5 Health and Financial Records to Organize in the New Year

5 Health and Financial Records Everyone Needs to Organize in the New Year

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By Holly Hargett 

It’s the start of a new year and the quintessential time to get organized. It’s a fresh start to make improvements or a time to forgive yourself for not getting something done last year.  

Your health and financial records are an important component to getting organized in 2022. It’s easy to put off, thinking you’ll always have time, but you can’t anticipate when an accident or health issue will occur. Someone else may need access when you can’t speak for yourself. And, even if you avoid any health complications this year, you’ll be thankful to have this piece of your life organized for yourself. You’ll have your health and financial records handy when you need them, and it will be one item you can check off your long to-do list for the new year!  

Getting Organized This New Year

1. Living Will  

Do you have a living will in place? A living will, or advance directive, informs your loved ones and healthcare providers about your wishes in case you have a serious illness or accident. 

One of the nation’s most used advance directives is Five Wishes. It is a workbook that turns into a legal document once you complete it. Five Wishes has been called the living will with heart and soul because it addresses your emotional and spiritual wishes, not just medical or financial needs. You’ll be able to select a healthcare agent that can speak for you as well as answer a series of questions that are in an easy-to-read format. Five Wishes is available in 30 languages and is legally valid in 46 states and used in all 50. Either hard copies or digital copies can be purchased starting at just $5 per workbook.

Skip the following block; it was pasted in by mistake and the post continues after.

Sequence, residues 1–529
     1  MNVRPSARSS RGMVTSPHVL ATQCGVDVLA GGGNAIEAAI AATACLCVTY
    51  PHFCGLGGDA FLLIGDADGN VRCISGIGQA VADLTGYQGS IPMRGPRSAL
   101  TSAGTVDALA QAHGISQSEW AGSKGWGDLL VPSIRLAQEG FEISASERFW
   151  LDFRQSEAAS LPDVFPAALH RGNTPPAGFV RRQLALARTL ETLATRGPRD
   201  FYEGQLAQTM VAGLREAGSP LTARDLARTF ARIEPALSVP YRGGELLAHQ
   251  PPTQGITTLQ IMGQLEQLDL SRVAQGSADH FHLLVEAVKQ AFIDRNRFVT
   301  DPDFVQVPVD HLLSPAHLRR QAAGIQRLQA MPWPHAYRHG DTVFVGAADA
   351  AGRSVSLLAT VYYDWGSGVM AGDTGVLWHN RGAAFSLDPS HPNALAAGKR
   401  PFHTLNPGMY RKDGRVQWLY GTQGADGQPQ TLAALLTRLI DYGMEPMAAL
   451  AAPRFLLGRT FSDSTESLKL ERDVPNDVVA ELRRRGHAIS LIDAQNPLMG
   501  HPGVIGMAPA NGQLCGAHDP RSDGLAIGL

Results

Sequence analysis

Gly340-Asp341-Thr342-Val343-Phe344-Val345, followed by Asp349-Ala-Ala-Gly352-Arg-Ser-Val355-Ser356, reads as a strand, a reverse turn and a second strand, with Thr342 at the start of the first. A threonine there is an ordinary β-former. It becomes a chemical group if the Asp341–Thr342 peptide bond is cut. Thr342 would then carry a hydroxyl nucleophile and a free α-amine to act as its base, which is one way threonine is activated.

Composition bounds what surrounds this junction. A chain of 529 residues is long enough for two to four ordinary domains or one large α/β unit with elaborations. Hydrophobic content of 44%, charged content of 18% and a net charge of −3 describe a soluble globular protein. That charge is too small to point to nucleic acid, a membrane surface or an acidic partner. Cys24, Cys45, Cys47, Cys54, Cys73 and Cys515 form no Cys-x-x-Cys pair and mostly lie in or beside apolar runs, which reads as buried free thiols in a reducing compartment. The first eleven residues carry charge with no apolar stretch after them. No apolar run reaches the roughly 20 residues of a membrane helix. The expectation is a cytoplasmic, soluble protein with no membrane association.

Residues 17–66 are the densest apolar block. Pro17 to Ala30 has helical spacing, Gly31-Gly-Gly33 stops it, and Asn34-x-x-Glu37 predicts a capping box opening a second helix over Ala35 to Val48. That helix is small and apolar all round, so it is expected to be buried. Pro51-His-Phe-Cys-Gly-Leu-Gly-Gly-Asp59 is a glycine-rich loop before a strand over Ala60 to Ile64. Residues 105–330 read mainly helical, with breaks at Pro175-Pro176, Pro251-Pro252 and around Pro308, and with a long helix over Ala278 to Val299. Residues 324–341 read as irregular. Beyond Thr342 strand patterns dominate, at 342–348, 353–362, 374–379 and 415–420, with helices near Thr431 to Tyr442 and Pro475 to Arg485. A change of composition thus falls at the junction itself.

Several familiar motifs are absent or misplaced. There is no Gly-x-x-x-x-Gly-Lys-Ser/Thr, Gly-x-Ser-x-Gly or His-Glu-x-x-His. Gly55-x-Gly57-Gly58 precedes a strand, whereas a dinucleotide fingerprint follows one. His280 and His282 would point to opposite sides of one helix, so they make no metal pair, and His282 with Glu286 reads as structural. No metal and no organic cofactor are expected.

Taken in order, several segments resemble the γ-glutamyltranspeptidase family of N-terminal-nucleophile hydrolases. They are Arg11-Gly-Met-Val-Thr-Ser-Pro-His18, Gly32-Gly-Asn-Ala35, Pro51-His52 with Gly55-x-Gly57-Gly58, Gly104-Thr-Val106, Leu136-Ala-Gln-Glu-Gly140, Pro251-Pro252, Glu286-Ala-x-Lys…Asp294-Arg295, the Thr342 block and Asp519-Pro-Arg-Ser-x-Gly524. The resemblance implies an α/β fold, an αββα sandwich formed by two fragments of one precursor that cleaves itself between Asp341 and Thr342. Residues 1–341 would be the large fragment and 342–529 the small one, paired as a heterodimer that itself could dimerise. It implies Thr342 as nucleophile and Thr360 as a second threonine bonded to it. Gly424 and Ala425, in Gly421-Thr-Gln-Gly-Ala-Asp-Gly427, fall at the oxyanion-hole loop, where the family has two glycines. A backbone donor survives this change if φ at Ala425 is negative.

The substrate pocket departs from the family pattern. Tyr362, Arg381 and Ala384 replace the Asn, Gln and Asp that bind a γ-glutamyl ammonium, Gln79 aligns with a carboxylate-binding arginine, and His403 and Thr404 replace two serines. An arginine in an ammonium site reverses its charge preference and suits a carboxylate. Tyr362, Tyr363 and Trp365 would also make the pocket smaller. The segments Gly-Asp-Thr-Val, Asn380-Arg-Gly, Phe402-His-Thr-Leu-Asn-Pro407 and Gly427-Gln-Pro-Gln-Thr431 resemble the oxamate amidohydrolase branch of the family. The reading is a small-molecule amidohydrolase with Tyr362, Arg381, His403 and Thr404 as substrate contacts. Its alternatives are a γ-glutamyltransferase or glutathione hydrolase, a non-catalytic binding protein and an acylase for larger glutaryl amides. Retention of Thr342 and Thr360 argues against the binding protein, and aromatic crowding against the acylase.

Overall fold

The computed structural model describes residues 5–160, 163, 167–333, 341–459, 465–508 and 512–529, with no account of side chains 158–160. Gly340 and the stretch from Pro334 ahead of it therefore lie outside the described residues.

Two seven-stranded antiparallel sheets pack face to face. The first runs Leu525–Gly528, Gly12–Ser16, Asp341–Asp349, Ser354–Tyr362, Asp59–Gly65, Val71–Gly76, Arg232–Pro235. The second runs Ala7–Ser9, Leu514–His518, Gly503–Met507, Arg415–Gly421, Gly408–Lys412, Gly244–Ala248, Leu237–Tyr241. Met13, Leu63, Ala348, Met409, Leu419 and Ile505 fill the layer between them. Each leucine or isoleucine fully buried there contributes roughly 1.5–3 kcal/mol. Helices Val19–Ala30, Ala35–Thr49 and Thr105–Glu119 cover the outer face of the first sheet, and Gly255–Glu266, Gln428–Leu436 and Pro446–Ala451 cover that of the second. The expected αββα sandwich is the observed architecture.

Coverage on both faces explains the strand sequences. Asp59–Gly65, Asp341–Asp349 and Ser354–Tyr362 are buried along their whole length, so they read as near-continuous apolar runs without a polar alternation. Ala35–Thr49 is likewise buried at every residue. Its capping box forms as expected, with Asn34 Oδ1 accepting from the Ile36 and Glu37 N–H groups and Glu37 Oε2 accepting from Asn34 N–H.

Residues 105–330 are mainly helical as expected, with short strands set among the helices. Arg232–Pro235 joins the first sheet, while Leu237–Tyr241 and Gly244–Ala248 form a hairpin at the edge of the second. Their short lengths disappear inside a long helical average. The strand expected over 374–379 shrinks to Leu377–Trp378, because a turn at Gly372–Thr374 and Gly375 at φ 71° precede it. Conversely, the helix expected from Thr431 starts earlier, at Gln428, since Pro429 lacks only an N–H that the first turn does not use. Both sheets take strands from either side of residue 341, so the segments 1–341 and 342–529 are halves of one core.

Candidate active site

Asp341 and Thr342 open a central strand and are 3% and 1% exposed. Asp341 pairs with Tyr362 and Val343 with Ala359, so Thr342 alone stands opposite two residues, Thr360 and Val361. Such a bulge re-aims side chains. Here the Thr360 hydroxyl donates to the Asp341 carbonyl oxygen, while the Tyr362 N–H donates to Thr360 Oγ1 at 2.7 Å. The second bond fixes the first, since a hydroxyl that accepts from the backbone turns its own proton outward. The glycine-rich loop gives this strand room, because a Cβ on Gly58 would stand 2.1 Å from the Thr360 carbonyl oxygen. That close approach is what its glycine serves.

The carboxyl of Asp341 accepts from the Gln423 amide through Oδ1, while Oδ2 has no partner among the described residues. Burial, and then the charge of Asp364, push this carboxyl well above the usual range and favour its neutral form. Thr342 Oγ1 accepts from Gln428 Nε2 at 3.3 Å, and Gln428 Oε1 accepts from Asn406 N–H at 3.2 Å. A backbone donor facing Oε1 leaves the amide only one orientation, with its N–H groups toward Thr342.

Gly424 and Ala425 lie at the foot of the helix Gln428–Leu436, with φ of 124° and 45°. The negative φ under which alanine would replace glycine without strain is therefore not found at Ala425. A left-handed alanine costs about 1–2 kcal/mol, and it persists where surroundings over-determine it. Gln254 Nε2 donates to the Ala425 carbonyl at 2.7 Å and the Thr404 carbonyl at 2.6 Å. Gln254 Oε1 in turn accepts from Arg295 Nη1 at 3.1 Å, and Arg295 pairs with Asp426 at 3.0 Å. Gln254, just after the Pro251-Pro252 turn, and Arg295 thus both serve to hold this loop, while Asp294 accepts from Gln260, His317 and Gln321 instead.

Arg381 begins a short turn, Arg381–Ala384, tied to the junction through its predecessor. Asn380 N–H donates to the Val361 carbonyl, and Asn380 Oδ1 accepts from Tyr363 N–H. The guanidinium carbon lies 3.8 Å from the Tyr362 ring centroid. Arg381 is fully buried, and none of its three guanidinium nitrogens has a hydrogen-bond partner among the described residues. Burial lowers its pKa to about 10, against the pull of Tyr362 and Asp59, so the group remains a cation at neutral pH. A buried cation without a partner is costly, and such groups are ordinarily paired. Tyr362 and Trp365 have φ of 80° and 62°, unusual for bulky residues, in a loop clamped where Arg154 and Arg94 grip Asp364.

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2. Will, Estate Plan and/or Legacy Plan 

Have you thought about how you want your material items to be distributed after your death? Aside from your home and vehicles, what about furniture, jewelry and other treasured items? If you’re downsizing and want to lighten your load, consider giving away items now so your loved ones can enjoy them early. It is typical for a spouse to inherit everything once one spouse dies, but you could also have some special items distributed upon your death, so your daughter doesn’t have to wait for Aunt Mary’s treasured ring.  

3. Tax & Retirement  

You have until April 15 of this year to file your taxes, but wouldn’t it feel great to get everything out of that shoebox and have it ready to file early? Your employer should be sending you a W-2 or 1099 by the end of the month, but in the meantime, start pulling together your charitable donations, your property tax statement and any dependent information you may need. And, if you had any other sources of income, you’ll want to gather those details now too.   

If your company has a 401k, are you taking advantage of your employee matching? Once vested, it’s free money so you don’t want to miss out on that opportunity.  

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4. Financial Accounts  

Keeping your bank and credit union statements handy will make life easy. You’ll also want to make any credit card, debit card, retirement, and investment accounts easily accessible. Do you have any alimony child support, student loan or other creditors or debts to note? Having all of this information in one spot will help if you experience credit card fraud, or when you’re ready to file your taxes.  

5. Important Documents  

Can you locate your birth certificate or social security card in less than five minutes? Other items you’ll want to keep forever (and easily accessible) include adoption, death, marriage and divorce decrees. If you have any military service or discharge records you’ll want access to those forever and you’ll always want to keep your passport handy and up to date.  

You won’t necessarily need to keep this next group of forms forever, but you should have them easily accessible: house deed, mortgage information, property records, car deed or rental information, automobile insurance and your life insurance policy, if applicable.  

Getting organized is no easy feat. The best suggestion is to break down the list one section at a time. It’ll be a lot of work at first but if you keep it organized during the year, most of the effort will be in the setup and you will thank yourself once the next new year comes around! If you’d like more information about an advance care directive, visit the Five Wishes website, or call 850-681-2020.